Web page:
Wednesday, August 25, 2010
It's taken a little while to sort out the emails, tweets and Facebook messages sent by angry fans over the weekend. They were not about a driver, a team or even a TV commentator. They were all about the various services offered by the NASCAR.com website.
It seems ironic that NASCAR.com does not offer a live leaderboard for the Camping World Truck Series. This past week, NASCAR.com RaceView was the primary sponsor on the winning truck from Kyle Busch Motorsports, pictured above. It was the only positive night for NASCAR.com of the three racing dates at BMS.
Turner Sports Interactive out of Atlanta, GA operates the NASCAR.com website. It paid NASCAR a hefty fee to operate the site and maintain total Internet exclusivity for NASCAR video and audio content.
Trackpass is the gateway to the three pay services NASCAR.com offers. RaceVew, Pit Command and Scanner each offer various applications for a monthly or annual fee. RaceView has all the bells and whistles, including team scanners, real time data and virtual video that allow fans lap-by-lap tracking of teams.
There have been several redesigns of the NASCAR.com website and upgrades of the three pay services. The current homepage resembles many sports blogs with an emphasis on key news stories combined with advertising. Video elements have recently been integrated effectively into the site and include contributions from TNT and SPEED personalities.
The history of fans upset about NASCAR.com goes back years. It's easy to find forums online full of conversations about problems. Recently, the issue has flared again as some current technology is having trouble dealing with the Trackpass applications.
When Apple released the iPad, it did not support Flash technology. That is the basis for the Trackpass applications. While the leaderboards worked, the remainder did not. That put iPad users out of the NASCAR.com mix for this season.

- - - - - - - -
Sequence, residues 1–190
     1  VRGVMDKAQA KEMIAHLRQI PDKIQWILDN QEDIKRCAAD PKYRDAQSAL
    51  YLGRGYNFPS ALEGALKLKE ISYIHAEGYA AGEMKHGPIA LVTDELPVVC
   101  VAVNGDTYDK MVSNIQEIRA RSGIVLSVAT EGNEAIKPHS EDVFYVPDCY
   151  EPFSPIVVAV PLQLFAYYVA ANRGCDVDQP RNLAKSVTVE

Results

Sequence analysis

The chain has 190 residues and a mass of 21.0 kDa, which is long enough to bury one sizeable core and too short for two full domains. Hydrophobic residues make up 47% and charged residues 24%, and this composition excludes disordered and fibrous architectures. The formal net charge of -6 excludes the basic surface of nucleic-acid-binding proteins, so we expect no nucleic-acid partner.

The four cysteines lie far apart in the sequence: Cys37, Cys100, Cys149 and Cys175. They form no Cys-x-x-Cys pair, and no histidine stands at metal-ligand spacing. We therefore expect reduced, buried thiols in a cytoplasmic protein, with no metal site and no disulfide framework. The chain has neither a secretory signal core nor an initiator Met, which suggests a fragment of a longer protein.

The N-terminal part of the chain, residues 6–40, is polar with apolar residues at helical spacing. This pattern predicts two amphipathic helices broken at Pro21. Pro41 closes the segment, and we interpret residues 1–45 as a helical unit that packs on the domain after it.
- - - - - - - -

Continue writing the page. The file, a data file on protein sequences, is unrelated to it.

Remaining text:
The most recent problems happen when fans try to log on for a Sprint Cup Series race. This was especially prevalent at the Michigan and Bristol race weekends. Amid the bevy of browsers, operating systems and Internet Service Providers, it's understandable that some problems would arise. This situation is perhaps a little different.
A key issue repeated by frustrated fans is summed up quite well in this blog post from NASCAR fan Mark Headrick:
I don’t mind troubleshooting problems. however I do not want to do it during the actual race! It totally ruins the fan’s experience. How can you expect fans to search knowledge bases and forums, reinstall Java, plug-ins, audio and video drivers, and do whatever else might be potentially involved?
It boggles my mind that there isn’t a race simulator that we can test these applications with during the week. If I was a NASCAR website/TrackPass developer I’d scream for this. I am quite sure the NASCAR.com website team has no desire to fix the software during races. Normally I wouldn’t give a flying fruitcake about it, but I am paying more for TrackPass than I am for my webhosting.
Headrick's point is well taken. Fans experiencing problems have to step away from the race to troubleshoot the problem and often find they are in a long helpline at the website. Picking up the phone is even more interesting.
The NASCAR.com phone calls are answered by the International Speedway Corporation operators in Daytona Beach, FL. Needless to say, this is not the Geek Squad. Fans who called recently found sympathy, but little help.
One fan emailed NASCAR.com and got a nice little admission about the Bristol weekend in return. NASCAR.com customer service responded with the following:
"There was an issue for both race series with all of the Trackpass products from those races. It was actually a server issue and the technical team had to reset the servers and this was not done until the end of the Cup race on Saturday."
Well, that's mighty nice but did not actually help the situation as the races were in progress. The problem with that answer is NASCAR.com is a pay service. Ultimately, good customer service and reliable products are the only way to keep fans coming back.
Twitter has been in use by many NASCAR fans for some time now. Saturday night, I was so overwhelmed on Twitter with fans asking me for help I contacted NASCAR directly and asked what was going on. After a short time I was told by NASCAR from the track that all the online troubles were sorted out. It certainly did not look that way.
For hours on Saturday, it was easy to watch the endless tweets from upset fans missing the online part of one of the most exciting night races of the season. Add to that the fact that some key TV markets were showing NFL preseason football instead of NASCAR and the mess just gets bigger. No access to NASCAR.com's online pay service and no live TV. That is a bad combination.
Perhaps you could take a moment to tell us your experience with NASCAR.com, the customer service and the products. It would help to put things in perspective after a Bristol weekend that left some fans rather steamed.
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